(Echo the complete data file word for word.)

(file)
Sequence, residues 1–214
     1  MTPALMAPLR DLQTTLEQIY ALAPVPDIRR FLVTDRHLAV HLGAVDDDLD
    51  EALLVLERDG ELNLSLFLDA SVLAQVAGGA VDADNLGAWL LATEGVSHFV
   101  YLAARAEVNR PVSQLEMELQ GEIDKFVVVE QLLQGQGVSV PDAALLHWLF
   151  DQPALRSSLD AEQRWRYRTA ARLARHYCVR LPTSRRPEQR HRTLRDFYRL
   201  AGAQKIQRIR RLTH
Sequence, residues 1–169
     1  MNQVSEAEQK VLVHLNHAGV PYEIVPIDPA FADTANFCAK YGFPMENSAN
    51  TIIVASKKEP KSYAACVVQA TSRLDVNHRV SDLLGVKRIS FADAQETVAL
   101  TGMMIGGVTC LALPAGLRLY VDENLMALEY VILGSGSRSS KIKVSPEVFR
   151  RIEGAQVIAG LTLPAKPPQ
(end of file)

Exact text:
Sequence, residues 1–214
     1  MTPALMAPLR DLQTTLEQIY ALAPVPDIRR FLVTDRHLAV HLGAVDDDLD
    51  EALLVLERDG ELNLSLFLDA SVLAQVAGGA VDADNLGAWL LATEGVSHFV
   101  YLAARAEVNR PVSQLEMELQ GEIDKFVVVE QLLQGQGVSV PDAALLHWLF
   151  DQPALRSSLD AEQRWRYRTA ARLARHYCVR LPTSRRPEQR HRTLRDFYRL
   201  AGAQKIQRIR RLTH
Sequence, residues 1–169
     1  MNQVSEAEQK VLVHLNHAGV PYEIVPIDPA FADTANFCAK YGFPMENSAN
    51  TIIVASKKEP KSYAACVVQA TSRLDVNHRV SDLLGVKRIS FADAQETVAL
   101  TGMMIGGVTC LALPAGLRLY VDENLMALEY VILGSGSRSS KIKVSPEVFR
   151  RIEGAQVIAG LTLPAKPPQ